Tesla Faces Lawsuit after Model X on Autopilot with 'Dozing Driver' Blamed for Fatal Crash

Tesla is being sued by the surviving family members of a 44-year-old Japanese man who was struck and killed by one of its electric cars in April 2018.

Documents filed in a San Jose federal court on Tuesday described the case of Yoshihiro Umeda, 44, as being the first "Tesla Autopilot-related death involving a pedestrian" and alleged the incident had shown a "patent defect" of Tesla's technology.

Tesla, led by Elon Musk, is based in Palo Alto, California, and sells cars with automated driver assistance systems. The court motion, submitted by the victim's spouse Tomomi Umeda and daughter Miyu Umeda, was first reported by Bloomberg.

Yoshihiro Umeda was killed on April 29, 2018, after being hit by a Tesla Model X that "suddenly accelerated" when a car in front of it switched lanes, the filing says.

It adds that the Tesla vehicle crashed into a van, motorcycles and pedestrians that had stopped at the side of an expressway near Tokyo following an accident.

The documents allege the Tesla car, which had its Traffic Aware Cruise Control (TACC) feature engaged, sped up after the car in front moved, "rapidly accelerating from about 15 km/h to approximately 38 km/h" before striking the motorcycles and Umeda.

The driver was "found to have been dozing shortly before the crash," the filings note, adding plaintiffs expect the firm to "lay all of the blame" on that person.

"If Tesla's past behavior of blaming its vehicles' drivers is any example, Tesla likely will portray this accident as the sole result of a drowsy, inattentive driver in order to distract from the obvious shortcomings of its automated... technology," it states.

"Any such effort would be baseless. Mr. Umeda's tragic death would have been avoided but for the substantial defects in Tesla's Autopilot system and suite of technologies."

According to the documents, the incident showed a "patent defect" as the car did not issue alerts to the drowsy driver because his hands were on the wheel. They alleged the system failed to recognize pedestrians and engage a braking system.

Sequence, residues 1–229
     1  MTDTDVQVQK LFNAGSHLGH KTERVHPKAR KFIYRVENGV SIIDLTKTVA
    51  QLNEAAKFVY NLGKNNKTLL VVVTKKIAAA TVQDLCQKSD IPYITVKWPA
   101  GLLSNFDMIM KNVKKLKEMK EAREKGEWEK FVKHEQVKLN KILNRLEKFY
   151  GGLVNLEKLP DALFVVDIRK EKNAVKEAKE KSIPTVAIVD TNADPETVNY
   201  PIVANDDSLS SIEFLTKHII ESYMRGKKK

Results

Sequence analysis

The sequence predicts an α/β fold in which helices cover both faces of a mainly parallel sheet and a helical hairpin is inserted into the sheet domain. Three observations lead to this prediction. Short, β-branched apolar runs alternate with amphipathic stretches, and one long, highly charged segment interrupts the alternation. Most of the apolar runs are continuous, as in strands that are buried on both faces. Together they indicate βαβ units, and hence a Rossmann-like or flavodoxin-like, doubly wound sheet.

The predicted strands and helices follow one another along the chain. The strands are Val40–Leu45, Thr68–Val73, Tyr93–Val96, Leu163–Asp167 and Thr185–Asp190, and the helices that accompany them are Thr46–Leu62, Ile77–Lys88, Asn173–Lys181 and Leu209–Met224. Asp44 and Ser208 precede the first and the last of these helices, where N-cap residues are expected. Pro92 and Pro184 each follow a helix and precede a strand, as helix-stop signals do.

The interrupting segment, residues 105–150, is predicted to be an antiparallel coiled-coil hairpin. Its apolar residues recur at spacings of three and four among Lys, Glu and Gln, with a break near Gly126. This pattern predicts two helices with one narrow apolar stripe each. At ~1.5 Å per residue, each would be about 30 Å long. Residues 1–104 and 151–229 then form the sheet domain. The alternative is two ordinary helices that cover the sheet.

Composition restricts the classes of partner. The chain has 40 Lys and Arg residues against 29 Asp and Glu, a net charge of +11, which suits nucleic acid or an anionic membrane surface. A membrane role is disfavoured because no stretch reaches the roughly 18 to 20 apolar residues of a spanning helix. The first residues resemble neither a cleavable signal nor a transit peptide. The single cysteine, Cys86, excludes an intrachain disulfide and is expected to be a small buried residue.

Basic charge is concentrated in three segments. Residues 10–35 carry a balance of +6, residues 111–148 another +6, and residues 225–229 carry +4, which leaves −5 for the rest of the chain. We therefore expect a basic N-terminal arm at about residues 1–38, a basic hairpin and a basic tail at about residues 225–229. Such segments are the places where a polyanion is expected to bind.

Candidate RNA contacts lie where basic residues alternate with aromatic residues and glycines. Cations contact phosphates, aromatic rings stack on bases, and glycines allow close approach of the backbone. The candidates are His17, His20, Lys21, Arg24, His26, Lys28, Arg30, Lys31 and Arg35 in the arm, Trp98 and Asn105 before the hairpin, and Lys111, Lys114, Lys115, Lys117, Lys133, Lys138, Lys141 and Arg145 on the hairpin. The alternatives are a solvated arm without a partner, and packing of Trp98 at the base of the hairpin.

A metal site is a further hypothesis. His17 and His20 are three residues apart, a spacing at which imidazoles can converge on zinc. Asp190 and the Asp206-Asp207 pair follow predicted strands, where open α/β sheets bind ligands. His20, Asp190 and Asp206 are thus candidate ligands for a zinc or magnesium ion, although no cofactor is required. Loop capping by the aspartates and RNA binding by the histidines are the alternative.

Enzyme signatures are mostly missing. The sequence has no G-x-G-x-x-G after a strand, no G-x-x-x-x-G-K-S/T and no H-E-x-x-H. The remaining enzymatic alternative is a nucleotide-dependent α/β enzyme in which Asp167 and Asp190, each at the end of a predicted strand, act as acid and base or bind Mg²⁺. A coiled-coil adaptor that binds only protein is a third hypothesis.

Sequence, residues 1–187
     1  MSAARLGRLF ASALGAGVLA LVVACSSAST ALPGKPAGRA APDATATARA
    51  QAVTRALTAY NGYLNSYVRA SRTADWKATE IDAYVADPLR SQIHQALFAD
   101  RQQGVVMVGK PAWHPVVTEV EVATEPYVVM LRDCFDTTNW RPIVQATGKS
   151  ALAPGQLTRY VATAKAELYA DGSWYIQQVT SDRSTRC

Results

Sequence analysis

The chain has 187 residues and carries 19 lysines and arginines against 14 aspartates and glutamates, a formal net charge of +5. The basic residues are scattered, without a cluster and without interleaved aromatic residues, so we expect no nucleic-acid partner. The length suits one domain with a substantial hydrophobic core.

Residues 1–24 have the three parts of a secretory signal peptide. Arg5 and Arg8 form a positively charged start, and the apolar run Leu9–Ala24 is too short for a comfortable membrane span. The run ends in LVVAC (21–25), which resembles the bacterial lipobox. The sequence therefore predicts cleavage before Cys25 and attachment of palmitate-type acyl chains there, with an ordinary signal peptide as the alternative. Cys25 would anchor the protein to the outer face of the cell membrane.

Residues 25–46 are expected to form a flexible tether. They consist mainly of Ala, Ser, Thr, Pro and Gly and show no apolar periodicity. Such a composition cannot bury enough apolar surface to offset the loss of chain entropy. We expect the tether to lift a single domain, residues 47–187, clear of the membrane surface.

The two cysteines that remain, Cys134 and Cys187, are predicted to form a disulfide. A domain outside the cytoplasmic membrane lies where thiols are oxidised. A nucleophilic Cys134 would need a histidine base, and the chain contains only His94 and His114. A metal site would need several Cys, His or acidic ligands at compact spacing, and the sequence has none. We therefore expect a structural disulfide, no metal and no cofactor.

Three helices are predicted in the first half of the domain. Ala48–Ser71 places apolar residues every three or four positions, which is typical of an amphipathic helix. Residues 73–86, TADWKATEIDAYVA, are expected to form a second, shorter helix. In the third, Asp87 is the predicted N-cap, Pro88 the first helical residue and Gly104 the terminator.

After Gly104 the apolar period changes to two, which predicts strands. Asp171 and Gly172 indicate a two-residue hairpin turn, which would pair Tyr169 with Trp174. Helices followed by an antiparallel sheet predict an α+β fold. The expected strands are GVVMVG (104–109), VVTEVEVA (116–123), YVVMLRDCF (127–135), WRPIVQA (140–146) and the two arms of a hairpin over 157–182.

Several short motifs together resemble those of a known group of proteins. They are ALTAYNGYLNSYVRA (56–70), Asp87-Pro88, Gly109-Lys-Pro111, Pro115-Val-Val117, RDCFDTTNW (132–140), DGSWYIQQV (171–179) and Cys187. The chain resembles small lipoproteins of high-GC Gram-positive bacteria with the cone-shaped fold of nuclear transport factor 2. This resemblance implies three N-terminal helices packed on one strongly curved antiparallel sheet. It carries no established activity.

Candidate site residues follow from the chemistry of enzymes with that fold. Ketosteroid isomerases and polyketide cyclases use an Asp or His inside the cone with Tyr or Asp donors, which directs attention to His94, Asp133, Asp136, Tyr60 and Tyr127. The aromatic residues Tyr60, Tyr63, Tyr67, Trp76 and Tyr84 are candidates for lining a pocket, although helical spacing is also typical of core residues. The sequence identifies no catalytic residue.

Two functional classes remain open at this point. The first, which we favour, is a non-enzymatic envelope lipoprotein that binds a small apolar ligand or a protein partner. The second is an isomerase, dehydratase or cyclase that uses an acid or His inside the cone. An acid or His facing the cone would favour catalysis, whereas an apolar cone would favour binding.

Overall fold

"Tesla failed to develop reasonable measures and safeguards against the dangers that these types of scenarios present to drivers," the motion claims. It goes on to describe the Tesla system as "fatally flawed," "half-baked," and "non-market-ready."

"Tesla should be held culpable for its conduct and acts committed in marketing its vehicles with reckless disregard for motorists and the general public," it states.

Multiple crashes involving Tesla electric cars, some fatal, have been investigated by U.S. authorities in recent years, and footage has continued to surface of drivers sleeping inside the semi-autonomous cars while speeding down busy roads in the U.S.

In February, the National Transportation Safety Board (NTSB) ruled limitations of the Tesla "autopilot" system, mixed with driver distraction, contributed to a fatal crash of a Tesla Model X that occurred on March 23, 2018, in Mountain View, California.

Tesla says its vehicles are engineered to be the "safest cars in the world" and stresses online that, despite often being named Autopilot, it is not a self-driving system.

The features are designed to be improved and updated over time.

"Autopilot is intended for use only with a fully attentive driver who has their hands on the wheel and is prepared to take over," the firm explains. "It does not turn a Tesla into an autonomous vehicle, and it does not allow the driver to abdicate responsibility."

In the Umeda filing, Tesla is sued for defective design, failing to warn, negligence and wrongful death. The company has been contacted for comment about the case.

In 2018, an Uber that was in self-driving mode was reported to have killed a woman in Arizona. It marked the first known fatal crash involving an autonomous vehicle and a pedestrian in the U.S. despite a human being behind the wheel, ABC15 reported.

A Tesla model S sits parked outside of a new Tesla showroom and service center in Red Hook, Brooklyn on July 5, 2016 in New York City. Spencer Platt//Getty